In an uncertain time, ADL has been an island of certainty. Our voice was clear, consistent and courageous on three separate but related issues that emerged since Friday. 
I want you to know it’s your encouragement and support that enables ADL to take these important positions on behalf of the Jewish community and all concerned Americans.
First, we gave voice to what’s become widespread outrage over President Trump’s Executive Order on immigration and refugee entry into the U.S. “History will look back on this order as a sad moment in American History,” I said in a Friday statement, “ . . . the time when the president turned his back on people fleeing for their lives.”
Our strong opposition to this order is consistent with our long-held stance on immigration and refugees. As the leading organization fighting terrorism and extremism, we understand the need to keep America safe from terror. But this order will do nothing of the sort. And it stands in total opposition to our Jewish values and the core principles of fairness and pluralism upon which this country was founded. We remember that we were once strangers, too, so we have spoken out strongly and will continue to do so.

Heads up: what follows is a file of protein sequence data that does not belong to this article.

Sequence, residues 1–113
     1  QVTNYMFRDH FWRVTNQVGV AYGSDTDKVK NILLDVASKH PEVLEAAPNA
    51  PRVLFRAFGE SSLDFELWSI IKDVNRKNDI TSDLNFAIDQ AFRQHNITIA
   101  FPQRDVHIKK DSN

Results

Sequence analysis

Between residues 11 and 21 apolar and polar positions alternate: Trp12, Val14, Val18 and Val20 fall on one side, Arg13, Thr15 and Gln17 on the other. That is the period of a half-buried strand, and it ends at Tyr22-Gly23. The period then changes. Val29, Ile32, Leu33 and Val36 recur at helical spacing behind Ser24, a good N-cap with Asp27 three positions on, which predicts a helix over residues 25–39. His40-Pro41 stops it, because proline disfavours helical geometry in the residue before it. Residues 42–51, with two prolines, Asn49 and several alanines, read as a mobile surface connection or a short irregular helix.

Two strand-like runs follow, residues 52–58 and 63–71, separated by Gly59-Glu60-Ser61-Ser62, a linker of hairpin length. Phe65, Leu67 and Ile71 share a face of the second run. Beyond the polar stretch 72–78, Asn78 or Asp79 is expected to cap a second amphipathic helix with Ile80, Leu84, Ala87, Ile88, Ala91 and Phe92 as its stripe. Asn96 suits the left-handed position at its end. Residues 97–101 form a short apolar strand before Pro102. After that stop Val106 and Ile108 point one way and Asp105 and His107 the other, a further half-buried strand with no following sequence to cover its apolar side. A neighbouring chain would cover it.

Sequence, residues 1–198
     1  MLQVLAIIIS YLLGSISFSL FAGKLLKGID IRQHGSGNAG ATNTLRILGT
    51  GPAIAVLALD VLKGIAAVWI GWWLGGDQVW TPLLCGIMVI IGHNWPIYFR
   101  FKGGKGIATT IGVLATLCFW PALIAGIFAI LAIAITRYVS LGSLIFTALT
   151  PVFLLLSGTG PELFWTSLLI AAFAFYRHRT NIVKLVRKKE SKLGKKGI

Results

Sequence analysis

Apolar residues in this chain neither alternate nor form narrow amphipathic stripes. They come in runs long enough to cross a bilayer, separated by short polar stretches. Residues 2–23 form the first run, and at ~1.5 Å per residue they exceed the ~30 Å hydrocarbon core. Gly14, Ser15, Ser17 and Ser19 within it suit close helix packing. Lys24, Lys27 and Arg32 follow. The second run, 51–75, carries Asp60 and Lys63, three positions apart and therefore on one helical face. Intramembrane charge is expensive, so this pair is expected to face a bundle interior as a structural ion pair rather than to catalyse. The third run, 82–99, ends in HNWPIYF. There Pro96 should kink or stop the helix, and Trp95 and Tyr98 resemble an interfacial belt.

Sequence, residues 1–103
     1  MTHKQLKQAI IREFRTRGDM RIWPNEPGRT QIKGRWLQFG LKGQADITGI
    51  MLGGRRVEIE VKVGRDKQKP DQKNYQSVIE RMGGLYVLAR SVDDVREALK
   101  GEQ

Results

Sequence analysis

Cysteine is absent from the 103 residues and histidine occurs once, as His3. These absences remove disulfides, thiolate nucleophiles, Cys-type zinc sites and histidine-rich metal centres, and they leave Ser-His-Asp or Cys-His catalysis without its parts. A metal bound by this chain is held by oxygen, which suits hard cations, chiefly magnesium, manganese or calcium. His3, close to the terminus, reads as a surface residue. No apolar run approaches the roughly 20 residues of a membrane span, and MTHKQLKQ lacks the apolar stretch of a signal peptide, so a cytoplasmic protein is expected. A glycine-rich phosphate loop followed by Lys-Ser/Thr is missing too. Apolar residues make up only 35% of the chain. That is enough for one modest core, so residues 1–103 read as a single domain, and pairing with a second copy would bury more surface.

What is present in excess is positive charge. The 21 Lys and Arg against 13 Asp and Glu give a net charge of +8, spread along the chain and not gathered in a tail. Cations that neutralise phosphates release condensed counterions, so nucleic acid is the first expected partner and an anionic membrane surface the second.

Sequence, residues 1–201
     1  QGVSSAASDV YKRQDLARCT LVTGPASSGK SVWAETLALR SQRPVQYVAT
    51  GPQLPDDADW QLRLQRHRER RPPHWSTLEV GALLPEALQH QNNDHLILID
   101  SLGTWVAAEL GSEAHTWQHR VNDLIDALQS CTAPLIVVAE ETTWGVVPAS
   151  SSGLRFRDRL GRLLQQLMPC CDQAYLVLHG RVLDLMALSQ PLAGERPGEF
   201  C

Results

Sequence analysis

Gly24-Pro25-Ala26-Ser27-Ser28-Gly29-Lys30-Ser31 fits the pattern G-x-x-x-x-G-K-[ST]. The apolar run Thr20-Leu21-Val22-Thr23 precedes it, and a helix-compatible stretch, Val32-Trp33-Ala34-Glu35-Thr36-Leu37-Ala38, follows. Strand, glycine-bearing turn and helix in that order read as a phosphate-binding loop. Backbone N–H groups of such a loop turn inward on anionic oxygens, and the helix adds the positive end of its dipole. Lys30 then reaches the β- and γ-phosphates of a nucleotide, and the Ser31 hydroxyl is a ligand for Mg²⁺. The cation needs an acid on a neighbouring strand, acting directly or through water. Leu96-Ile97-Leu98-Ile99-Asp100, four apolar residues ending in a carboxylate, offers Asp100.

Second, we opposed the executive order defunding so-called “sanctuary cities,” those protecting their relationship between police and immigrant communities by refusing to entangle local law enforcement in federal immigration enforcement. “Forcing cities to choose between losing funds or dividing police and immigrant communities is wrong and dangerous,” I wrote in a statement. This, too, has been a consistent theme for the ADL, informed by our close working relationship with law enforcement at all levels of government.